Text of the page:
Why this election matters

Northern Ireland has had a busy few years at the polls since we voted in 2015’s general election. With just four days left before Northern Ireland votes let’s look at where the parties currently stand and how confident they at least appear ahead of voting day.

Sinn Féin go into this election from a position of strength. The four seats they currently hold – Newry and Armagh, Mid Ulster, West Tyrone and Belfast West – are all safe seats, where the party won three seats or more in March’s Assembly poll. Consequently, one could argue that a bad day for Sinn Féin would be one where they only hold on to these four seats.

It appears that Sinn Féin may have at least one gain to celebrate on Friday morning: that’s Fermanagh and South Tyrone. This marginal constituency, which the UUP’s Tom Elliott won in 2015 by just over 500 votes, looks likely to return to Michelle Gildernew this time after the party’s surge in March saw Sinn Féin gain a seat whilst the DUP and SDLP both lost out.

Elsewhere, Sinn Féin may be confident of taking South Down, a SDLP held seat where Sinn Féin gained 7,000 more first preference votes in March; and Belfast North, a DUP-held seat where Sinn Féin also had a strong result three months ago.

A win in both seats would take Sinn Féin to seven seats – their best Westminster result ever. The party will also be eyeing up gains in Foyle, Upper Bann and Belfast South, though victories here seem less likely.

For the DUP, currently defending eight seats, the outlook is more mixed. They have three safe seats – East Londonderry, North Antrim and Strangford – where they will feel confident of securing wins. Upper Bann, East Antrim and Lagan Valley are slightly different stories, as the UUP have ran Doug Beattie, John Stewart and Robbie Butler – three of their newer yet better known voices. The DUP will be watching these seats for any sign of a UUP resurgence – particularly Lagan Valley where the UUP took 25% in March.

The DUP’s remaining two defences look more difficult. In Belfast North, where deputy leader Nigel Dodds took 6,000 more votes than Sinn Féin in 2015, Sinn Féin are fighting hard after March’s election saw them come just 1,100 votes short of topping the poll.

Whereas a lack of other unionist candidates should help the DUP in Belfast North, the same cannot be said in Belfast East where incumbent Gavin Robinson faces a serious challenge from Naomi Long, leader of the Alliance Party. With the UUP also standing in the constituency, Alliance may well take this seat back from the DUP as they did in 2010.

In terms of targets, the DUP will be focussed on Belfast South and South Antrim where they are seeking to defeat the SDLP and UUP respectively. Whilst the DUP lost a seat in both constituencies back in March, they remained firmly in the lead in terms of votes, and are running well-known candidates in both areas this time round (Emma Little Pengelly and Paul Girvan respectively). It is very possible that they could make up the thousand vote gap in South Antrim, but the ultra-marginal seat of Belfast South seems a less likely gain.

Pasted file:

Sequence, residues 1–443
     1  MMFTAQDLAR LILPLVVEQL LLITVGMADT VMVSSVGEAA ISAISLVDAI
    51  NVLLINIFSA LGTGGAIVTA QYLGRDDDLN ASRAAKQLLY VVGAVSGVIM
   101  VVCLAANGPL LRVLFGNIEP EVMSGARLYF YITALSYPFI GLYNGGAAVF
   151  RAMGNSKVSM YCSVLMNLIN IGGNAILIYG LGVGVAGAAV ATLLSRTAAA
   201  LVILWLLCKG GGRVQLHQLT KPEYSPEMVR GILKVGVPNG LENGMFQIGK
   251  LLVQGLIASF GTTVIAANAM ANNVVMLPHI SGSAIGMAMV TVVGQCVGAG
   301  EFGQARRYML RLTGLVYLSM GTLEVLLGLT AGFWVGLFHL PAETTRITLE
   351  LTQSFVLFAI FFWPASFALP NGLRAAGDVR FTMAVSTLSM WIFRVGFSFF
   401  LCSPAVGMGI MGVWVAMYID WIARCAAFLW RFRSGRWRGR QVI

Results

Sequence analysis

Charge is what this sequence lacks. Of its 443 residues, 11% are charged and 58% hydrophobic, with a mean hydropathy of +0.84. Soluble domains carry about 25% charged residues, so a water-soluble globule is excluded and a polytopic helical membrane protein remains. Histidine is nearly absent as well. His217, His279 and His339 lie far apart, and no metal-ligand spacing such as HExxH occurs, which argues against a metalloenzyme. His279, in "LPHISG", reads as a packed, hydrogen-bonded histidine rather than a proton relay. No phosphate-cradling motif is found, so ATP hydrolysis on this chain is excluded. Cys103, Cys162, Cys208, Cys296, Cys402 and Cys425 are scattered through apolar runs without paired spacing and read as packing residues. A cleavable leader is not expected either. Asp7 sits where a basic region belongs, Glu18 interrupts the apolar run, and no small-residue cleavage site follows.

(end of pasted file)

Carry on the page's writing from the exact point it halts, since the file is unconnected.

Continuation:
As for the SDLP, despite a good Assembly election result in March, they go into this election playing a game of defence. The party looks unlikely to make gains on Thursday, and in this writer’s opinion looks likely to lose at least one of its three seats. Foyle is perhaps the safest SDLP seat, with Belfast South and South Down under threat from the DUP and Sinn Fein respectively. The SDLP will fight hard to keep these seats but all will be revealed on Friday.

The UUP has the most to lose, holding two of the most vulnerable seats. The UUP could even end up returning no MPs to Westminster– and runs the risk of being blamed for DUP losses in South and East Belfast.

The only party with nothing to lose is Alliance. The party has no seats to defend, and so is throwing the kitchen sink at just two races – Belfast East and Belfast South. In Belfast South, the most marginal of all constituencies, the party has a smaller chance of winning but should by no means be written off.

In summary, then, from this writer’s perspective Sinn Féin and Alliance have it all to play for whilst the SDLP and UUP have the most to lose. The DUP, playing a mixture of attack and defence, has reasons to worry but could come out of this contest with gains.

Either way, this is perhaps the most interesting general election in Northern Ireland in years with fewer safe seats and upsets looking likely.

About James McMordie

James is a PhD student in the Department of International Relations at the University of St Andrews. His interests include European, British and Northern Irish politics, foreign policy and history.